As technology changes the formal possibilities of lighting, you've been quick to embrace new forms. You were one of the first to use halogen light, for example.
I was, I really was. The YaYaHo halogen system was designed in the early 1980s. And I worked with LED to make Bellissima Brutta, which means, just as it sounds, "beautiful ugly." The first prototype of it is owned by Murray Moss. I also came up with the first OLED product. OLEDs are very expensive, though they've become a bit less expensive more recently. The light of an OLED is a kind of a monotonous light, though it carries a lot of possibility for the lighting market.
You've expressed a fascination with Thomas Edison, referring to the prototypical light bulb as manifesting "the perfect meeting of industry and poetry."
Yes, exactly—it's a fantastic symbiosis. We made a special show for Edison's hundredth birthday. My Edison lamp is a holograph that doesn't have an actual bulb, though it does make light in the image of one. It's a collector's item, made with a film that allows the object to appear. The fascination is that it's as if you have a light on the table, though there's no light bulb actually there.
Bellissima Brutta, 1997. [Image courtesy of Ingo Maurer GmbH, Munich]
How do you feel about digital light?
I find it without soul. My hope is that the industry will become more conscious, and hold a different perception toward light. I hope—and I will try to work on it for the rest of my life—to try to make very good, humane light that makes you feel well.
Your work defies categorization, integrating a wide range of materials, and in some cases, introducing new typologies. How do you choose or decide which materials to work with? Is it a constant research process?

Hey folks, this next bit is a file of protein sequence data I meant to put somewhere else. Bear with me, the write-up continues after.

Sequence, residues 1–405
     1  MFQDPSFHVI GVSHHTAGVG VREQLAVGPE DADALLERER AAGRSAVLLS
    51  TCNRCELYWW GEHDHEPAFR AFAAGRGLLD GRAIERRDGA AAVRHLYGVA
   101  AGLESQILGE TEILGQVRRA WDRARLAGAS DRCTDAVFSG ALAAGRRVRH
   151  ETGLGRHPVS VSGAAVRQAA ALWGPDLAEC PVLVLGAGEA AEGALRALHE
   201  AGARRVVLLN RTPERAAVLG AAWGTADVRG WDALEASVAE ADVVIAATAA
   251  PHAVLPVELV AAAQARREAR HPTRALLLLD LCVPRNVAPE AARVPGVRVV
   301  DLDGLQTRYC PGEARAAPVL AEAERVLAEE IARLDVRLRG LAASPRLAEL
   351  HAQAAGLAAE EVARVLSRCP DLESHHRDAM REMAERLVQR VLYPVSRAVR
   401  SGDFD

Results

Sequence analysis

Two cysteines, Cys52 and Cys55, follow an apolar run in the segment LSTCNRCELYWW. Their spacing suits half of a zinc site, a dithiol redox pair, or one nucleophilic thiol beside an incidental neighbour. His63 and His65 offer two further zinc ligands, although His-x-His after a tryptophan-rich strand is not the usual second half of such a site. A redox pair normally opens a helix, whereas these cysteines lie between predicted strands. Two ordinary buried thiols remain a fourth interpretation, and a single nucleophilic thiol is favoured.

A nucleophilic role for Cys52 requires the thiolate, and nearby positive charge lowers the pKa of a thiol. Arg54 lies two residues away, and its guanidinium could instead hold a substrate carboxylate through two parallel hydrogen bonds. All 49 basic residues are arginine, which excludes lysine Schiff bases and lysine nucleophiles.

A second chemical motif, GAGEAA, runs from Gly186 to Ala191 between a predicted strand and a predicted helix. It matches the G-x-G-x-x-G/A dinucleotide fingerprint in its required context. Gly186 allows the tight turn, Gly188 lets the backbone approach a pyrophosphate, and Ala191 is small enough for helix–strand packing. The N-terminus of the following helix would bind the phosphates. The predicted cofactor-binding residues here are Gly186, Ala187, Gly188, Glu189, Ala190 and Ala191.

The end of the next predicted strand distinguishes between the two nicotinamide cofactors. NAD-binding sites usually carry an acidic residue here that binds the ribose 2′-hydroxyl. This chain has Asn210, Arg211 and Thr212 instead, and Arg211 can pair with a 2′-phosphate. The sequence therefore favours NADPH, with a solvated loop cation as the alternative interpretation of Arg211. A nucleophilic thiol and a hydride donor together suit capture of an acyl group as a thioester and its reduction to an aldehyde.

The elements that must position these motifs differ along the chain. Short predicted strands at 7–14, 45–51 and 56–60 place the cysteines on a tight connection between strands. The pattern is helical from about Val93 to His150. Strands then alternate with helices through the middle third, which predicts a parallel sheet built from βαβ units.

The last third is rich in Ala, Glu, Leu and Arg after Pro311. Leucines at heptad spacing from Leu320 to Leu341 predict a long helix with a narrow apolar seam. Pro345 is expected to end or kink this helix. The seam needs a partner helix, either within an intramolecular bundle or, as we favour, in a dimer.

Of course, all the time. We're always keeping track, and we're lucky that many producers and manufacturers come to us and ask us to develop things together. Or, if we're able, to use the technology they bring to us. That's a very exciting moment. We have a recent project that has been really, really thrilling to work on: Dew Drops, as I call it. It's made of foil-like sheets with little LEDs, very minimal, and you can see the conductors that are synced up.
Through it all, what would you consider your biggest setback?
The biggest setback for me is that I haven't lived a private life. My work has been my life and my passion.
And your most significant professional triumph?
Of course, the second you asked me this question, I thought of the moment—which feels like not so long ago—when I looked back and realized what I've done over so many years. As I said earlier, I grew like a weed. I've been very lucky and there are weeds out there that are very huge [laughs]. I've had some moments working with really great people—friends, colleagues, clients, and employees. That's always a big lift for me. Otherwise, I don't think much; I think consciously overthinking too much can be destructive. I often try to solve problems and visualize details at nighttime, when I can't sleep.
Maurer with What We Do Counts, an LEDintegrated lamp released in 2015. [Image courtesy of Ingo Maurer GmbH, Munich]
What advice would you give to emerging designers?
Above all, be ready to work hard and show discipline. Don't keep your head in the clouds with the first couple of things you've thought up. You have to remain down-to-earth, with your feet on the ground. This is very important. And, of course, never give up if you fail.
I like to work with young people very much. It's great to see what kind of possibility they might have within them. The young Ingo Maurer had to invent and discover something like light to feed his two kids, pay for diapers and food. I was pressured, but I was free to design things that people liked. It was a hard beginning, but it was good, and I am really content with how things are now. I feel very blessed. And I must say, the best light is the one that comes from someone's heart.